Maryland ‘Price-Gouging’ Legislation Goes to Governor

In a lopsided 137 to 2 vote on April 10, 2017, the Maryland House of Delegates passed HB 631, which outlaws “price gouging” by manufacturers and wholesale distributors of certain “essential off-patent or generic drugs.”  Price gouging is defined as “an unconscionable increase in the price of a prescription drug.”

The legislation applies to drugs for which exclusive marketing rights have expired, that have been designated essential medicines, and that are manufactured for sale in the US by 3 or fewer manufacturers.  Under the legislation, Maryland Medicaid may notify the Attorney General when covered drugs with a WAC of more than $80 per 30-day supply or per course of treatment experience an increase in WAC or price paid by Medicaid of at least 50% within the preceding year.  The Attorney General may then require the manufacturer to itemize and disclose the production cost data, including any increases in input or manufacturing costs that justify the price increase.  The Attorney General may also demand from a manufacturer or wholesale distributor records relevant to determining whether price gouging has taken place.  The Attorney General is required to treat all submitted information as confidential commercial information under the Maryland public records law unless the manufacturer or wholesale distributor waives the confidentiality of the information.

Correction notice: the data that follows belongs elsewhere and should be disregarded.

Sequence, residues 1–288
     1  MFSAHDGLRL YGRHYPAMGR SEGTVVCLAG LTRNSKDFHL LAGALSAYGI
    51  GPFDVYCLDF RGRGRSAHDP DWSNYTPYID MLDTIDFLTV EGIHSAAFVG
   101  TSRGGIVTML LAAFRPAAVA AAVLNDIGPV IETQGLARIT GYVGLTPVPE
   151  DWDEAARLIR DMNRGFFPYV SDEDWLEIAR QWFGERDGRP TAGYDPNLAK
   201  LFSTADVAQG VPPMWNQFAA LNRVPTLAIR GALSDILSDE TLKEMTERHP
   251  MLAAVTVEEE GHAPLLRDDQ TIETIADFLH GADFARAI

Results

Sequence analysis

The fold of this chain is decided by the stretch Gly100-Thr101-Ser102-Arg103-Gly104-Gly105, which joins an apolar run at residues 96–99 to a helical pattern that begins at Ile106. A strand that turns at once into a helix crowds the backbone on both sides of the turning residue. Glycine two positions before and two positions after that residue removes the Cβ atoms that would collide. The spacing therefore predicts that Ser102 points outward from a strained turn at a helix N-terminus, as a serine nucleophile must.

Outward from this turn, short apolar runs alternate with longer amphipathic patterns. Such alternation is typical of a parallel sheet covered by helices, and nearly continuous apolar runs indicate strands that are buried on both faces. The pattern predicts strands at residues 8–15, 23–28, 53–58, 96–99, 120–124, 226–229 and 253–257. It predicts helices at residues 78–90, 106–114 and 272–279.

The bill allows the Attorney General to seek court orders compelling compliance by any manufacturer or wholesale distributor failing to provide a required statement or produce requested records.  The Attorney General may also petition the Circuit Court to restrain or enjoin the alleged price gouging, require reimbursement to consumers (including third party payors), “lock in” the pre-increase price for participants in state health plans or programs, and impose civil penalties of up to $10,000 “for each violation,” which appears to refer to each act of price gouging.  However, before seeking a court order other than one requiring the release of information, the Attorney General must offer the manufacturer or wholesale distributor the chance to meet to justify the price increase.

This legislation appears more drastic than much of the drug pricing legislation pending in states across the country, as it imposes penalties for “unconscionable” price increases rather than just for failing to report data.  Just as concerning, the legislation fails to offer any standards controlling or guiding the determination of whether pricing is “unconscionable”.

The legislation, which was previously passed by the Senate, is now in front of Governor Larry Hogan, who is a supporter of the bill and is expected to sign it.

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